A young political scientist from Dushanbe has embarked on an exercise now fashionable in Tajikistan: the writing of national history in the very long duration—still recently a monopoly of the orientalists of the Academy of Sciences, whence political scientists were confined to the paraphrase of the CPSU’s decisions.  As to history itself, it was, according to a famous wit by Marc Ferro, a too serious thing to be entrusted to historians.  The present work’s inner organisation bears trace of the influence of “cultural studies (kul’turologiia)” as they have been developing in Dushanbe during the last twenty years in the wake of the Soviet national historiography:  Instead of the former Marxist hierarchy of the modes of production, a “Zoroastrian” period is now succeeded by an “Islamic” one, and then a Soviet parenthesis—some fifty page long out of the book’s 350, that is much less than in the history textbooks of the Soviet era.  A chapter on the “transition to the open period” optimizes the political upheavals that have been taking place since the independence in 1991, in a formalist and apologetic spirit that is in accordance with the patterns of the traditional historiography of the CPSU as it used to be practised until recently by Komsomol-educated political scientists.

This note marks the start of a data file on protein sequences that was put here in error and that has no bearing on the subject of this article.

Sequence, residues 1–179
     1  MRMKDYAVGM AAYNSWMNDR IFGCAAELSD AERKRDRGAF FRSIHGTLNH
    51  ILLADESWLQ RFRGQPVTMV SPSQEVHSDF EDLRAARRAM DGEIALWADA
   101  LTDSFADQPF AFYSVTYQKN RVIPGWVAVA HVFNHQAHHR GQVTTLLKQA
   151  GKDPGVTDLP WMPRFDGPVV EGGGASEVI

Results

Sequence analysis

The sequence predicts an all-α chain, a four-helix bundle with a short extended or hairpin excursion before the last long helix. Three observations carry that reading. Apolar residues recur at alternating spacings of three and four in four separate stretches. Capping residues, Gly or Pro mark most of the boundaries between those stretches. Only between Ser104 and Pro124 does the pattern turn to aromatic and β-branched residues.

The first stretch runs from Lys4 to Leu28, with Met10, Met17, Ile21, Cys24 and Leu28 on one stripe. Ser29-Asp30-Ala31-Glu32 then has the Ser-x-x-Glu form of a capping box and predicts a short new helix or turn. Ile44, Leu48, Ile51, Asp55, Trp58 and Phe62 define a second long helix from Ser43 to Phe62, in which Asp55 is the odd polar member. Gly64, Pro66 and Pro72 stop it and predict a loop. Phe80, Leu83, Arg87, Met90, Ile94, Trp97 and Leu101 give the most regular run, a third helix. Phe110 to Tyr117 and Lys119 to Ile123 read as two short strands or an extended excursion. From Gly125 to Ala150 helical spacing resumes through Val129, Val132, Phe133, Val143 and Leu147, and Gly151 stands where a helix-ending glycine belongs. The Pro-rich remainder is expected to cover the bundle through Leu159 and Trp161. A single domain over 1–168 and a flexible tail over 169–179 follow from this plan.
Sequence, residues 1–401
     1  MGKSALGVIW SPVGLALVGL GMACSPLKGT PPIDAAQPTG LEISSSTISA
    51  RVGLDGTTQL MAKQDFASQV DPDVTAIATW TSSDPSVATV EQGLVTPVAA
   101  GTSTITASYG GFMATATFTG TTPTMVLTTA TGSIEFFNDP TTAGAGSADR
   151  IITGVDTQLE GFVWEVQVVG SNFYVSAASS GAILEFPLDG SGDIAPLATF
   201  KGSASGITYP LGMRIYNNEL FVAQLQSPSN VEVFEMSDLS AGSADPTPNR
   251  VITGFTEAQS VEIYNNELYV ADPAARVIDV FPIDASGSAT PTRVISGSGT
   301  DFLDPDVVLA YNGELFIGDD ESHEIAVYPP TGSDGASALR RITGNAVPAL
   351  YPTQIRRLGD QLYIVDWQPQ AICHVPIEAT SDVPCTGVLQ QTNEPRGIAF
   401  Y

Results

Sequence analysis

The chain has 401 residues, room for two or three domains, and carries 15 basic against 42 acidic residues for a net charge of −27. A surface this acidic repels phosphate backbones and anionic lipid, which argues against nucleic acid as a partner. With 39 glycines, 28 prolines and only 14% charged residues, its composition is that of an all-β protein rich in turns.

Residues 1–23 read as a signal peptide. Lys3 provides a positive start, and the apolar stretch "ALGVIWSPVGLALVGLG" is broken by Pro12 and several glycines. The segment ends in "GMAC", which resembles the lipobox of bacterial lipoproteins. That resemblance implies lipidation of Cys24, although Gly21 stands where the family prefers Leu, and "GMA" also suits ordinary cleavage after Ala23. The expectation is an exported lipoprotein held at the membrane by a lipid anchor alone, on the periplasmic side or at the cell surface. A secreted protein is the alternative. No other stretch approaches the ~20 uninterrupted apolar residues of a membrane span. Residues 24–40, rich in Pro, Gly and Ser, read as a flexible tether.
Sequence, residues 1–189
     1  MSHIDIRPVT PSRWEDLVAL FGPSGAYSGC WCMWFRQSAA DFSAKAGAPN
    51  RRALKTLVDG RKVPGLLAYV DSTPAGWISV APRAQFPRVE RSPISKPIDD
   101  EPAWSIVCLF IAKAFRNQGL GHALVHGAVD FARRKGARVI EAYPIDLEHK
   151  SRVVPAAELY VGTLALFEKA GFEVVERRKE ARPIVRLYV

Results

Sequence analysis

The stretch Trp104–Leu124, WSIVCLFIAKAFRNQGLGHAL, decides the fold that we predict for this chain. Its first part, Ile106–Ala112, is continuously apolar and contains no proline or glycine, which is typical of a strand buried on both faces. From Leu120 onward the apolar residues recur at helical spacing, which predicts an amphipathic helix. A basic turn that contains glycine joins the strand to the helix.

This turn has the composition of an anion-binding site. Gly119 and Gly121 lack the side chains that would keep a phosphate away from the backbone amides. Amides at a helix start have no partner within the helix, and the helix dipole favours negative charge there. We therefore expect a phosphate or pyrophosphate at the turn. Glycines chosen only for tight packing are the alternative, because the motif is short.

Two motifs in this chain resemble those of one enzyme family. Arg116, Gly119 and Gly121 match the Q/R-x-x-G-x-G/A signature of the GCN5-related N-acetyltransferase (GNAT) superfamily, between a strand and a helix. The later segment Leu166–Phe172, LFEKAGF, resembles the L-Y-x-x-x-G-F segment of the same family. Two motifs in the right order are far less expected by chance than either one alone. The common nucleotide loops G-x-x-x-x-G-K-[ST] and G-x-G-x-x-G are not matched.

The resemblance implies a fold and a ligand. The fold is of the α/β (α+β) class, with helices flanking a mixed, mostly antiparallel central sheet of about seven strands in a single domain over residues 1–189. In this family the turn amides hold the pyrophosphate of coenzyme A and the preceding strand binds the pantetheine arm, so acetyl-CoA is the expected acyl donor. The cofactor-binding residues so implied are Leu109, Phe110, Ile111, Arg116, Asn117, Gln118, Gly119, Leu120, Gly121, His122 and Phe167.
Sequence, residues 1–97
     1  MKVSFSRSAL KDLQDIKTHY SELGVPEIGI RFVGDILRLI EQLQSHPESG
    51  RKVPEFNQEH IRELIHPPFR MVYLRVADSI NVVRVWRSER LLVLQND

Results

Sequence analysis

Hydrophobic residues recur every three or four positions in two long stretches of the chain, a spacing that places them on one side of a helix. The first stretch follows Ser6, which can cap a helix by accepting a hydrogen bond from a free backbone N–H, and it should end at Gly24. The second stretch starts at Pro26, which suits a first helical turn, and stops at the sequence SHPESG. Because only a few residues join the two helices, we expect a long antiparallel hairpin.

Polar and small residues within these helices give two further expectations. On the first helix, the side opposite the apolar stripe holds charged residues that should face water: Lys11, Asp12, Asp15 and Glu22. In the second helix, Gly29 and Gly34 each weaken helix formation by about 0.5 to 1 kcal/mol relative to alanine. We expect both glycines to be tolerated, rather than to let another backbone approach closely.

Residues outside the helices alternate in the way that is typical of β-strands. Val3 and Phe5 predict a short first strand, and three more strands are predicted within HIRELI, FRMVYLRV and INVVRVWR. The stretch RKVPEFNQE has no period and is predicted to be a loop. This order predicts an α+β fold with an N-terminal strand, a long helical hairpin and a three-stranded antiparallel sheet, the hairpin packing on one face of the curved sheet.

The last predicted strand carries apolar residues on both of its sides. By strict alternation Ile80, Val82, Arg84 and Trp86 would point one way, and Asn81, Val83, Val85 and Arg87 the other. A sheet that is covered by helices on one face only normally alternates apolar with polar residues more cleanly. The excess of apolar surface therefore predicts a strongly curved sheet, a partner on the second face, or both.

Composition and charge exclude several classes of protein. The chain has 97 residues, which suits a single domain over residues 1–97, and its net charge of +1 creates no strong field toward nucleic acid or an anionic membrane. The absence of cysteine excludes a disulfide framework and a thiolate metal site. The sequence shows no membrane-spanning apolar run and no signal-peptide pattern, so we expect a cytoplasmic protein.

Stéphane A. Dudoignon, National Centre for Scientific Research, Paris
CER: I-3.4.A-256